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LGBT Youth Suicide: Statistics & Prevention

Instructor: Karin Gonzalez

Karin has taught middle and high school Health and has a master's degree in social work.

Suicide is, alarmingly, the leading cause of death for LGBT youth. Prevention techniques like family counseling and anti-bullying programs can help prevent LGBT depression, isolation and suicide. Learn more statistics and prevention methods for LGBT youth suicide in this lesson.

What is LGBT Youth Suicide?

Mark is a gay eighth-grader who recently came out to his family and friends. His religious parents told him that they wanted nothing to do with him. Even though his two close friends accepted him, he is mocked by peers on a daily basis. Mark has reached the point where he is contemplating if it would just be easier to end his life.

LGBT stands for lesbian, gay, bisexual and transgender and it is the socially and politically accurate acronym to categorize this community of individuals. For LGBT youth such as Mark, depression and suicide are major concerns due to the difficulties that many of them face with family and friends who do not agree with their sexual identity and/or preference. Sometimes LGBT youth are ostracized by their religious community or feel excluded by society as a whole.

LGBT Youth Suicide Statistics

According to the Centers for Disease Control and Prevention, suicide is the second leading cause of death for those in the 10-24 age group. Yet, it is the leading cause of death for LGBT youth. The rate of suicide is four times more likely for LGBT youth than it is for straight youth. If a LGBT youth attempted suicide, they would be four to six times more likely than a straight youth to severely hurt themselves to the point of needing medical attention or actually dying.

Transgender youth are youth whose sexual identity does not conform to the sex they were born with, nor do they mesh with the societal gender standards and norms. They are often targets of victimization, including verbal and physical abuse. About half of transgender youth have thought about committing suicide, and 25% of these youth have actually made a suicide attempt.

LGBT Youth Suicide Prevention

Education

It is important for schools, parents and organization that work with children to be educated on the risks associated with being a LGBT youth. There are many online resources that can provide adults with information including statistics, ways to talk to LGBT youth, and other ways to help depressed and suicidal LGBT youth. Some of these resources include the Centers for Disease Control, the American Association for Suicidology, and the National Action Alliance for Suicide Prevention.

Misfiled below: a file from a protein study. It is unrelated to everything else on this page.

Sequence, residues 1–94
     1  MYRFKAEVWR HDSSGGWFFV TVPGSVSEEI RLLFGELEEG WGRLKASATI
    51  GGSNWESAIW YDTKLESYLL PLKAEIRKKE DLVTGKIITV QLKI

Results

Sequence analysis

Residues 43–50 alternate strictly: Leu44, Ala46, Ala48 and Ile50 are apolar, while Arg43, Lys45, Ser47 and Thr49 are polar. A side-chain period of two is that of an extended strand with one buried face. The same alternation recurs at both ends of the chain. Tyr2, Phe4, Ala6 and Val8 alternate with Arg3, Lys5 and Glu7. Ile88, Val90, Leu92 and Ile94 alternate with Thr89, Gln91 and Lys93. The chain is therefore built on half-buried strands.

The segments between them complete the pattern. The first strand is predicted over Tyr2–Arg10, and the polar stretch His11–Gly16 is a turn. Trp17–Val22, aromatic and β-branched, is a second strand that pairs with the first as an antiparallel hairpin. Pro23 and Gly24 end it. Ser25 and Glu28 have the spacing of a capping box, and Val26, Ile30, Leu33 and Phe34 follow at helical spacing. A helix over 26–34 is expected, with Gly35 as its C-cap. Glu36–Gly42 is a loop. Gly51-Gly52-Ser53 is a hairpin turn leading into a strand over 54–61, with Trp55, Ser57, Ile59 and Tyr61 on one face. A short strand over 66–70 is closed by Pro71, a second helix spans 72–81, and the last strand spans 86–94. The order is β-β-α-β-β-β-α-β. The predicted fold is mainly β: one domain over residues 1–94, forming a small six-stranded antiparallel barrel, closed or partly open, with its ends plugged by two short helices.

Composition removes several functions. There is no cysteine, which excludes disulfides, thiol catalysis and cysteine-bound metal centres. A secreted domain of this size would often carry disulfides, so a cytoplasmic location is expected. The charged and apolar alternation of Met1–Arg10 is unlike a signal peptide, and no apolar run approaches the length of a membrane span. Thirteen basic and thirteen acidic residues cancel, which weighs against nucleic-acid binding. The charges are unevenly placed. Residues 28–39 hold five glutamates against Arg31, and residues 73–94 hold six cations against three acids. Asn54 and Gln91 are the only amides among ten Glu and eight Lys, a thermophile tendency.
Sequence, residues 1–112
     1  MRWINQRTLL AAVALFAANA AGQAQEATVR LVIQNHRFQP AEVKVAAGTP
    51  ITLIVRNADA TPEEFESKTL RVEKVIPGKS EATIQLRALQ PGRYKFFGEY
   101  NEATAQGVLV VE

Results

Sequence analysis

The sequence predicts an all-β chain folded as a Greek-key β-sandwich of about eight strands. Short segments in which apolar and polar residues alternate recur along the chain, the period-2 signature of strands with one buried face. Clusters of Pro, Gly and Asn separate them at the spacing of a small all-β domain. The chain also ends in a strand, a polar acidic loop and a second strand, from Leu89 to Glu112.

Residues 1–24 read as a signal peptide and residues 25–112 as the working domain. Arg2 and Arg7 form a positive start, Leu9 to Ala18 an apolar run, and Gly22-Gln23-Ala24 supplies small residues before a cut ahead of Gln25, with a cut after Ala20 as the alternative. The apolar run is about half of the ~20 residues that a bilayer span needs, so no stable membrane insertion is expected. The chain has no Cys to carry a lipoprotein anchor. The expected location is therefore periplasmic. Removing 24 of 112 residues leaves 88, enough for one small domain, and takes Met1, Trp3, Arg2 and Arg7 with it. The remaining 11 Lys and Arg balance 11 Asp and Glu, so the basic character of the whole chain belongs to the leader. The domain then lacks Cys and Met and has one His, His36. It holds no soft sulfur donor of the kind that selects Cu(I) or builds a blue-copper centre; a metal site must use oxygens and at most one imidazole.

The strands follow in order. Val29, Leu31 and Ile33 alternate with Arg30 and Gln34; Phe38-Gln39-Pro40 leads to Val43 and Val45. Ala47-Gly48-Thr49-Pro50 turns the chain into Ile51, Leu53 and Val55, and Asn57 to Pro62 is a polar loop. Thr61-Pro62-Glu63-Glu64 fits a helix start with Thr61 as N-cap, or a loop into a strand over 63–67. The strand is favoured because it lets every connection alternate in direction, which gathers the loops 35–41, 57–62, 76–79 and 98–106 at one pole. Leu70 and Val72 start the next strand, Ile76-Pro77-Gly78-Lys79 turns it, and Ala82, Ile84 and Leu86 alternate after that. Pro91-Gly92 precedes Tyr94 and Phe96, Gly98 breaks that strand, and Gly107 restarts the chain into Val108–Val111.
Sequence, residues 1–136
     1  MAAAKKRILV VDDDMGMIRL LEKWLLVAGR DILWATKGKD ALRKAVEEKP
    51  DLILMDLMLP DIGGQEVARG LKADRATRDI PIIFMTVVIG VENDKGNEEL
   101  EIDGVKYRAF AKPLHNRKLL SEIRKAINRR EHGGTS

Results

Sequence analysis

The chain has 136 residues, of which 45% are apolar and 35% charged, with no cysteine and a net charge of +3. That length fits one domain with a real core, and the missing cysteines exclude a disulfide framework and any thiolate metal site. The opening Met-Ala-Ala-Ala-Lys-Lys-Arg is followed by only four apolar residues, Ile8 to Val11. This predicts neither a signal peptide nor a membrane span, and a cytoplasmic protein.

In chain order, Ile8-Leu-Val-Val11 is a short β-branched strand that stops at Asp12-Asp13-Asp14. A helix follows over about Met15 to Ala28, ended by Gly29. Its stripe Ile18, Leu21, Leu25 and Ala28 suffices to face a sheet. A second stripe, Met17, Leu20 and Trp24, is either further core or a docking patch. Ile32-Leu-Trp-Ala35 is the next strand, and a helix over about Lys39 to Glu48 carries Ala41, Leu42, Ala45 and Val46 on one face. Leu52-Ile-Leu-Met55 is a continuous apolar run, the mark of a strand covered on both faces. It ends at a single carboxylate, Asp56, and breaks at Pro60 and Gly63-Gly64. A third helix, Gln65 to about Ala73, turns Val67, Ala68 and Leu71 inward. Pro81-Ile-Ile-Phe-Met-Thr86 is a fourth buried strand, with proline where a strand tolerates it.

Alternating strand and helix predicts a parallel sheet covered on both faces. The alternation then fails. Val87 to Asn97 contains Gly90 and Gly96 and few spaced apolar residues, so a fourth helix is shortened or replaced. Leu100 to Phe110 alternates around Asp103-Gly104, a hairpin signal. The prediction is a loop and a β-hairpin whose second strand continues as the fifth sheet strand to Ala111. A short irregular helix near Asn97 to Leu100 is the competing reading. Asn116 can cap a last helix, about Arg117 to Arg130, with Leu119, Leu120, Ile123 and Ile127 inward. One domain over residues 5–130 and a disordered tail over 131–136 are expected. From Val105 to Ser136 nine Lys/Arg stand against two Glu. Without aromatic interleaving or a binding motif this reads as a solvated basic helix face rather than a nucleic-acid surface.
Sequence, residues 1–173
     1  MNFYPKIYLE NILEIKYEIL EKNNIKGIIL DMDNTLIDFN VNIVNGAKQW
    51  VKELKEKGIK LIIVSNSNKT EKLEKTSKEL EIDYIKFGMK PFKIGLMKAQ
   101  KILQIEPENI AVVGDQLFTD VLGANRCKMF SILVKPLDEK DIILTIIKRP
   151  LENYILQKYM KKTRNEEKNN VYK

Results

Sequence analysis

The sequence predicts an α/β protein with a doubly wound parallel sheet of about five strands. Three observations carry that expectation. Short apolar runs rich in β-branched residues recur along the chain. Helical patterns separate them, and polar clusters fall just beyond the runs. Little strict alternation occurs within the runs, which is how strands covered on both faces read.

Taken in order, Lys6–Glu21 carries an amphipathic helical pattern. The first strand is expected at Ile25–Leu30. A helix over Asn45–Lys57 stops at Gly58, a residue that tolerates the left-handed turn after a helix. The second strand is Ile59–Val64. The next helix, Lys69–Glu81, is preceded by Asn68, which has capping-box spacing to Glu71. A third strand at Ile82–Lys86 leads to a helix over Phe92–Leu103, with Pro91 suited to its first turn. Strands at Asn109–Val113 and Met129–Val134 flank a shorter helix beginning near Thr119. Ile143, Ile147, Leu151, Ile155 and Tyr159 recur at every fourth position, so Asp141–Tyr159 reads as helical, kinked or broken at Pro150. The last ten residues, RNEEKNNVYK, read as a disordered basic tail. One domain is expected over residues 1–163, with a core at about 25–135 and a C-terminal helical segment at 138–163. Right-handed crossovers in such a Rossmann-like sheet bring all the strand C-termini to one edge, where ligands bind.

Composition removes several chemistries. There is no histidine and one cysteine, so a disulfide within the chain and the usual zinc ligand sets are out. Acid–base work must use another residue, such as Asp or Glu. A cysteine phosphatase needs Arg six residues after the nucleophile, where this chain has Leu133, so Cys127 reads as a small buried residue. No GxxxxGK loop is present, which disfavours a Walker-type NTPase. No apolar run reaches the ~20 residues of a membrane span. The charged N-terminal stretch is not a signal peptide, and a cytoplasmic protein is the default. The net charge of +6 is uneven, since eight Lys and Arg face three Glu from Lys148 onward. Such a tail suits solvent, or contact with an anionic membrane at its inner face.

Community and International Support

There are national and worldwide movements that are intended to support LGBT youth and help them navigate the difficulties that come with being LGBT. A big one is the 'It Gets Better Project', which supports LGBT youth with the message that it does get better for them. Meetings can be powerful reinforcement of identity for LGBT youth, and can provide them with tools to combat depression and isolation by means of videos, social media, community discussions and celebrity spokespersons.

The It Gets Better Project meets in Vienna, Austria at the U.S. Embassy.
Image of It Gets Better Project

Bullying Prevention

Most kids are innately empathetic and supportive of their LGBT peers, especially as LGBT becomes more of an accepted norm and LGBT awareness and education increases. It is the children and teens who bully LGBT peers that are really dangerous to the mental health of a LGBT youth. Anti-bullying programs can teach children to report or intervene when they see someone being bullied. This is important because if LGBT youth feel safe and supported in their school, they are less likely to be suicidal.

In addition to anti-bullying programs, some high schools have the Gay Straight Alliance which is an organization intended to make LGBT teens feel included and supported.
Image of Gay straight alliance

Counseling and Support

If an LGBT youth appears depressed or is having a difficult time with family and friends, a counselor might provide them the support and empathetic ear that they desperately need. In addition, organizations such as The Trevor Project provide crisis counseling and intervention to suicidal LGBT youth. The National Youth Talkline is another organization that provides phone counseling and support to suicidal youth. Many counties and cities have their own suicide prevention centers and hotlines as well.

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